Help Remedies CEO Richard Fine is the first to admit that most of his marketing efforts don't have much impact. But the ones that do -- such as the Help, I Want to Save a Life program that won a Grand Prix for Good for Droga5 at the International Advertising Festival in Cannes this year -- can have a big impact.
The company has a unique proposition in the health-care space -- simplicity. Mr. Fine says the company focuses on using single ingredients, with no extra coatings, dyes or fillers. At the moment, Help Remedies boasts 10 products, including everything from sleep remedies to nausea treatments. "If you value clarity and knowing what you're getting, we want to be available to you across all of those 10 conditions," Mr. Fine said.
At the CMO Strategy Summit on July 18 in Chicago, Mr. Fine, along with his partner Nathan Frank, will talk about what they've learned from failure and how avoiding the boring, safe things has led to unique ideas, creative packaging and, ultimately, success. Here Mr. Fine, who was a strategic director and partner at new-product consultancy Redscout before Help Remedies, talks about what makes his quirky company and its marketing work.
Ad Age : Is it inevitable in the evolution of categories that everything gets increasingly complicated, then someone stakes out a niche with simplicity?Mr. Fine: Having been on the other side of the table, I think there are dynamics that drive things toward more complexity over time. Walmart says to you every year, what are your new SKUs? So people create dancing-on-the-head-of -a-needle variations of what they already do.
Ad Age : What works best in marketing at Help?
Mr. Fine: We have very few dollars but try to punch above our weight. We do that by doing activities that are unusual enough that they drive secondary impressions either in the press or among consumers. We structure our activities so that we can honestly say to ourselves that if we were journalists we would honestly want to write about this, or if I were a consumer I would tell someone about this. [If we can't say that ] then it's literally not worth our dollars.
When you do that , you have to build in the idea that some of those things aren't going to work. We've done 10 activities this year. Two of them have taken off and been very successful and driven a lot of press. Six of them have been very quiet and have not done so much. ... If you want to go with this model, you have to build in the expectation that sometimes things aren't going to take off that way.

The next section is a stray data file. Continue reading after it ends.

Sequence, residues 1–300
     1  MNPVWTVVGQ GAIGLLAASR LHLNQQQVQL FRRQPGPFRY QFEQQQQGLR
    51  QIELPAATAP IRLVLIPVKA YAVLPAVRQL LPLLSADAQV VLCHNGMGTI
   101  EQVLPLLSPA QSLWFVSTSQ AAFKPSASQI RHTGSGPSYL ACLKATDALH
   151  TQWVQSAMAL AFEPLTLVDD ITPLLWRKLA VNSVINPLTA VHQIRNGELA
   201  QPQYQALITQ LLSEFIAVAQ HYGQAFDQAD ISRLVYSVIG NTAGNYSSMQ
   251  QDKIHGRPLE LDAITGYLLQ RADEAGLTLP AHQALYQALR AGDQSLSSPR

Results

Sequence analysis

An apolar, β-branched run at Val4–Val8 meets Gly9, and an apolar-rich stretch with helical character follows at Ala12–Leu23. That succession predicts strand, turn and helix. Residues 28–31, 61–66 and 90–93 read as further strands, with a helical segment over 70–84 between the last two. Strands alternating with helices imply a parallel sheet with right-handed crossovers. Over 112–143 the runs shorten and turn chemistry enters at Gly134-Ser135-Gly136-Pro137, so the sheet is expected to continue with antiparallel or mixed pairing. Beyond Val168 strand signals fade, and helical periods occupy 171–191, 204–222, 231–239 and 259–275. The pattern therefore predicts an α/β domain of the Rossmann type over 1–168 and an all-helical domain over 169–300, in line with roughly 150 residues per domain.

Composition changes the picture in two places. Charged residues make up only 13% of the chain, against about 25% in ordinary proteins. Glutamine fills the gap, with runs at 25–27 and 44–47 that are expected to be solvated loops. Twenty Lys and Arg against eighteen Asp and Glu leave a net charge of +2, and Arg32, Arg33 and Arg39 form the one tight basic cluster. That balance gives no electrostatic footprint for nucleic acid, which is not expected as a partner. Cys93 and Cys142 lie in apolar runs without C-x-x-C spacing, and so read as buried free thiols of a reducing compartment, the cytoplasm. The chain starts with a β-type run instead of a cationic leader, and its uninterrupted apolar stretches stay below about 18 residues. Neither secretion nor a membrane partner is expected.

Ad Age : What was one of the successful ones?
Mr. Fine: We did a partnership where we put within our packages along with our bandage product a bone-marrow testing kit that allowed you to, if you'd cut yourself, put some blood on a swab and send it off to the Bone Marrow Registry, which a lot of people want to be on but haven't done because it's a hassle. That idea just totally caught fire and ended up on CNN, ABC News, a lot of other things.
Another one we did was with a site called CuteOverload, which I didn't know of , but is the world's largest "cute" website. For Help I'm Nauseous, a new launch for us, we did a competition around "so cute it makes me sick," which is people sending in pictures of their cute animals. We got thousands of entries. We're very big in the design world, but people into cute stuff probably hadn't heard much about us. We touched a few million people in that world in an interesting way.
We're doing this thing right now called What's Wrong America? It allows you to see on our website based on our sales what people are suffering from. I thought this was brilliant, so funny, so clever. But I've been very underwhelmed.